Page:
I have already fitted the same set up in my AK and on both occasions thought to myself, ‘what a nice (and expensive!) set up to be hidden away and never be on show…’

Next was to fit the bell housing to the gearbox. This then enabled me to take measurements with a straight edge and ruler to ensure the slave cylinder to the clutch fork measurements are correct and more importantly, that the spigot will locate correctly with the pilot bearing. All measurements read okay, however prior to mating the gearbox up to the engine I realised now would be a good time to offer up the starter motor to the engine block and check the clearances between the starter pinion and the flywheel starter ring gear. Once again all was correct and with another box ticked I moved on to offer up the gearbox to the engine and tighten the bell housing bolts up to the specified torque.

Once all this has been completed and checked, it was now time to lift the engine/ gearbox into what would be its final resting place. As I bolted the lifting chains to the four corners of the cylinder heads and clipped the chains to my spreader bar, it became clear the engine/gearbox combination was pretty long and this was not going to be such an easy task. As luck would have it, it was on Sunday morning and a good friend of mine (David Bailey also a current AK builder) gave me a call to see if I was ‘tinkering’ in the garage. So I thought to myself how can I keep him here for the next two hours to help with the lift? Suddenly I had a brainwave and asked him would he like some lunch as I was going to McDonald’s. So with his order of double Big Mac and fries I thought bingo! – I’ve got him. After lunch with both of us belching like a pair of babies and unable to bend over, we began to hoist the engine/ gearbox up. This process makes me very nervous as you can see all the money just swinging around in midair! Slowly but surely, inch by inch, we managed to shoehorn the engine and gearbox carefully into place and it fitted like a glove – thank goodness!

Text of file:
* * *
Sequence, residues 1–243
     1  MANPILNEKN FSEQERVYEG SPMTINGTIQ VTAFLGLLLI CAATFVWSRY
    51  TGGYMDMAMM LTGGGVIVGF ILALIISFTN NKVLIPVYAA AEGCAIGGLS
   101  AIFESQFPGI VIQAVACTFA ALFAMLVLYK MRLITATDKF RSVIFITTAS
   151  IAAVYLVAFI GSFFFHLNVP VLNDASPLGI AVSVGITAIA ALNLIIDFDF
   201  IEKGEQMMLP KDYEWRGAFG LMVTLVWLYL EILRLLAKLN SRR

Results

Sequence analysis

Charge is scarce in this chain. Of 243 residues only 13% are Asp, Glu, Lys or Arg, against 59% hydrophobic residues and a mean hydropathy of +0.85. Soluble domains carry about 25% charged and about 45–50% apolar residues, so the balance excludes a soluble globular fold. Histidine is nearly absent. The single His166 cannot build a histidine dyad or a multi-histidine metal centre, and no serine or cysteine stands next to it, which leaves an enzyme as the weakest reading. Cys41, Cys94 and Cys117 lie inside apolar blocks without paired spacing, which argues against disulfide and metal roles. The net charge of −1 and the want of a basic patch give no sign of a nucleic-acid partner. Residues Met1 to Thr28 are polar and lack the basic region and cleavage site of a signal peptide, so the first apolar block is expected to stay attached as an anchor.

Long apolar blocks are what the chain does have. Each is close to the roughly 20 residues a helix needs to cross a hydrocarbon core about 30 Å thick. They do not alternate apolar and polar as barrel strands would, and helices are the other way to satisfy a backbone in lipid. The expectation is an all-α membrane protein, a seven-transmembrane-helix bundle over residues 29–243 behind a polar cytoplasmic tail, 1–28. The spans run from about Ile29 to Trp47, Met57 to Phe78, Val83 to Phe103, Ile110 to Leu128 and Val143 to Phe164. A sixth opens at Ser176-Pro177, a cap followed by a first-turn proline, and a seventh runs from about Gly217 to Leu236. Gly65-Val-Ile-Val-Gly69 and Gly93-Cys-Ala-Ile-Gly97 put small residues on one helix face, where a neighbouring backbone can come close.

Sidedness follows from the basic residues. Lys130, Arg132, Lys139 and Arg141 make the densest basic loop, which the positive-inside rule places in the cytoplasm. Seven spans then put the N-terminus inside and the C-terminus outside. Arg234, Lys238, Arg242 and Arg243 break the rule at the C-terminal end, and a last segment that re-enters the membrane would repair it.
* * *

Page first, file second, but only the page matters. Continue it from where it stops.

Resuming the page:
I’ve now started fitting the aluminium that forms the floors and transmission tunnel which will be described in the next build diary.

This article was written for Snake Torque Magazine Issue 145, produced by the UK Cobra Club.